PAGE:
The Springboks, world champions, prefer “the gutters to the dance floor”

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As the Springboks prepared to face the hosts Japan in one Rugby World Cup 2019 quarter-final coach Rassie Erasmus noted: “They want to take us to the dance floor and we want to take them to the gutters.”

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The astute tactician was referring to the smooth, free style of the Brave Blossoms and the methods of submission and suffocation favored by the Springboks.

South Africa won convincingly and beat pre-match favorites England by 20 points in the final to a record third world title.

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Once again the “Boring Boks” had triumphed in a tournament where many other teams had played more eye-catching rugby.

the “Boring Boks” the debate is back in vogue this week ahead of a third litmus test against the British and Irish Lions in Cape Town on Saturday.

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After a close first loss in the Test two weekends ago, South Africa won the second 27-9 after a match described in a report as “an ugly spectacle dominated by brutal forward exchanges and kicks”.

New Zealand coach Ian Foster has declared the game “put me to sleep” and former Irish star Tony Ward lamented “the supposedly best in the world playing caveman rugby”.

Foster developed his displeasure by saying: “It became a very tight, almost risk-free type of series. The teams are almost afraid to play, they are relying on a low risk strategy. “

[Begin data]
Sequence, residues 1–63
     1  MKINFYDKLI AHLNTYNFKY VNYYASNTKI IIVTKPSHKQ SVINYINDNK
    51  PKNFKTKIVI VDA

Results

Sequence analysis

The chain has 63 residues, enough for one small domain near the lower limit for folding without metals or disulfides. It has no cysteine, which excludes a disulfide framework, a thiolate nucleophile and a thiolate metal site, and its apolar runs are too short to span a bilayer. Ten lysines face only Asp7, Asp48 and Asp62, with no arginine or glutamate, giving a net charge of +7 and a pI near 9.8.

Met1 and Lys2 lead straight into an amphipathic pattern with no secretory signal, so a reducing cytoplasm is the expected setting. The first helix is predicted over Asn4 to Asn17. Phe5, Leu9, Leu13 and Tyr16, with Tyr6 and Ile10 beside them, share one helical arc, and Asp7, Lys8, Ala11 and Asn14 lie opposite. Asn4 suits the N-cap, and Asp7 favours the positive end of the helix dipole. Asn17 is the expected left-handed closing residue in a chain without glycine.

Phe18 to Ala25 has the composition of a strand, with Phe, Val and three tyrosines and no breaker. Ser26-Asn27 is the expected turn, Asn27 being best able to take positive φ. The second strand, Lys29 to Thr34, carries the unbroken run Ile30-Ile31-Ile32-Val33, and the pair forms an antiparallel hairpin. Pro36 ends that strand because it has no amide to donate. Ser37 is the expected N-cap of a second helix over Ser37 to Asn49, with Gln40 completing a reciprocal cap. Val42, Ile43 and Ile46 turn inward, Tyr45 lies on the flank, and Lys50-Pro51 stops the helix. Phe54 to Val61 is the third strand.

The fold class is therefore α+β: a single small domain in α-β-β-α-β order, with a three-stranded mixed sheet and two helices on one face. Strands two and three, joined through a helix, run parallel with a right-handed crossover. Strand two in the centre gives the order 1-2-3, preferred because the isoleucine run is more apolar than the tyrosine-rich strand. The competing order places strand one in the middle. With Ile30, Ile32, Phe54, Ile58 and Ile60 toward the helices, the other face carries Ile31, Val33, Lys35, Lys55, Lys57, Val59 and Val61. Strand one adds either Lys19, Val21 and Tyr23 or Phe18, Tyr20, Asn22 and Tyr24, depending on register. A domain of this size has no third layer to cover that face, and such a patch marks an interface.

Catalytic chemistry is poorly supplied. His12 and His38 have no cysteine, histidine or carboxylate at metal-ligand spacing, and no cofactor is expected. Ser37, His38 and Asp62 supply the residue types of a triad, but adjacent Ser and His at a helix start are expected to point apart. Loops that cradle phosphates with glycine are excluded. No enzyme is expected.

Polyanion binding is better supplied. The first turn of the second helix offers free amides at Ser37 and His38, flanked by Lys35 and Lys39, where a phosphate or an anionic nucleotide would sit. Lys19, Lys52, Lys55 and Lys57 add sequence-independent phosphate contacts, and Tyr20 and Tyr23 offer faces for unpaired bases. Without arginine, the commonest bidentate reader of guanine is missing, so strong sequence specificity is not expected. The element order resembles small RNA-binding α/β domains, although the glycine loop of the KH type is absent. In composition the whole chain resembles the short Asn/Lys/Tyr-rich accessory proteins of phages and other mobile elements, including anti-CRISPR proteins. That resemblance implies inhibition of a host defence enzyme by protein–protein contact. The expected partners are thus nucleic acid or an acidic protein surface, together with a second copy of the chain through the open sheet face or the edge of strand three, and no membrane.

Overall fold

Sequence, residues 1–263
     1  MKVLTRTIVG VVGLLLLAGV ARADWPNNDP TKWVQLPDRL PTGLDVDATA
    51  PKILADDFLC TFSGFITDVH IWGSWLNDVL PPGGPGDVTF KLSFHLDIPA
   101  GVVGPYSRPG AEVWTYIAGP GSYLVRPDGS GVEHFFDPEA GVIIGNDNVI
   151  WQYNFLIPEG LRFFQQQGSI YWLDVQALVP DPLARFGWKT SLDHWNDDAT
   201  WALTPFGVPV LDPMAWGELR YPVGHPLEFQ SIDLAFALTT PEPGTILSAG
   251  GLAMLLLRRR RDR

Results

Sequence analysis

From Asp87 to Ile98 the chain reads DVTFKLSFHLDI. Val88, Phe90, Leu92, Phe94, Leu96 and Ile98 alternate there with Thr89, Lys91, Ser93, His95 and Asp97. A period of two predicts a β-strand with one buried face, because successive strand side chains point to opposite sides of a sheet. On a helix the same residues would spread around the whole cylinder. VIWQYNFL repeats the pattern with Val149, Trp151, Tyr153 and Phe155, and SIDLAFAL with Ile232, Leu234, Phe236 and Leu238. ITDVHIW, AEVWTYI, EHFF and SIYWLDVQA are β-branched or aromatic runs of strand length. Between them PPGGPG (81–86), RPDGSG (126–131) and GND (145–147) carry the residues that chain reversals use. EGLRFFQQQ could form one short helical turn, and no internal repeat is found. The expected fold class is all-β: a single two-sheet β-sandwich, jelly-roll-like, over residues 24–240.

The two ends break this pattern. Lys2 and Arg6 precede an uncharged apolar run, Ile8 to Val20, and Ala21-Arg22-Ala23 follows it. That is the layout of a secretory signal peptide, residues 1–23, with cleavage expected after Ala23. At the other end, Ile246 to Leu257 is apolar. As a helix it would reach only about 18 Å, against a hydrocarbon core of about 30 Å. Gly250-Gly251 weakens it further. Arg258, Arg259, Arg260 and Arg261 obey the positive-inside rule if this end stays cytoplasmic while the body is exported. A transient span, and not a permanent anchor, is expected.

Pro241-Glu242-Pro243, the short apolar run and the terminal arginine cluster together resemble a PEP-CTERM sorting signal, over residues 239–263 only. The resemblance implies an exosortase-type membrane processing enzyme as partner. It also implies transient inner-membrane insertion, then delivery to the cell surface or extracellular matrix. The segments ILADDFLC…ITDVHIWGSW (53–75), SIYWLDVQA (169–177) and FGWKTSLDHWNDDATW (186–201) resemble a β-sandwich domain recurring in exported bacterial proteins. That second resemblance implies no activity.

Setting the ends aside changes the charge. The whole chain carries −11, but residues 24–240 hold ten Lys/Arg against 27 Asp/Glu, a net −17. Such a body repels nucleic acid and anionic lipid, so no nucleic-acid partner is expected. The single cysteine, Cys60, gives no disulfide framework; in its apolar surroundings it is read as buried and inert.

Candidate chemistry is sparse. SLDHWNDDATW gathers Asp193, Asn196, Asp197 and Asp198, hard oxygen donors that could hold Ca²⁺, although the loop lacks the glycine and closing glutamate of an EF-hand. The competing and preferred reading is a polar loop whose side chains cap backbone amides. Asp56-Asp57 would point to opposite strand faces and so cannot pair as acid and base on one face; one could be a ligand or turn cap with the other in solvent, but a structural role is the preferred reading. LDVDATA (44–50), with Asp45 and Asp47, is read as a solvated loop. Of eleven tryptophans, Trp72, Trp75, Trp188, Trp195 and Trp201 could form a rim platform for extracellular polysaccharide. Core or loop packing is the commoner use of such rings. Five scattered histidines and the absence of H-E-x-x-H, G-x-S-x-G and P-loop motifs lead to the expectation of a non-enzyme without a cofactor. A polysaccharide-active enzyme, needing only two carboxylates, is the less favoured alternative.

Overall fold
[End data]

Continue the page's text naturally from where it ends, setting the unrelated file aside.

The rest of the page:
Ward was equally critical, wondering “How did he come to this? A gathering of some of the greatest players in a place where match officials are more at the heart of the outcome than who we want to see.

“Meanwhile, the players, roughly one man, are reverting to caveman tactics in pursuit of a plan driven by over-excited, ego-obsessed coaches.”

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Same Pierre de Villiers, who led the Springboks to a 2009 series victory over the Lions, has joined the stunt of criticism.

“The Springboks are the world champions and we are all grateful for that. But I don’t think people are going to copy this style of play.

“First of all, it’s very boring. Does it give you results? Absoutely. But it’s very, very boring. South Africa’s first black coach told the London Daily Mail.

“We suffocate people with our mass, and then we base our whole game plan on defense, defense, defense instead of create, create, create.”

But the Springbok opener Handré Pollard is a strong supporter of the system they deploy, calling it “The most beautiful thing in the world.

“It’s the way we’re raised and it’s the way we play and, to me, that’s a thing of beauty. Throwing the ball is fun for people who watch TV.

Asked about the “boring” tag assistant coach Deon Davids responded: “When we do things, it’s not about being boring, it’s about understanding what we want to accomplish.

“In doing so, we create enough opportunities to play with the ball in hand and score tries. I believe in our approach and where it takes us.

“I wasn’t with the team at the time, but the same story was there when the Springboks won the 2019 rugby championship. It was the same when they won the Rugby World Cup la same year.


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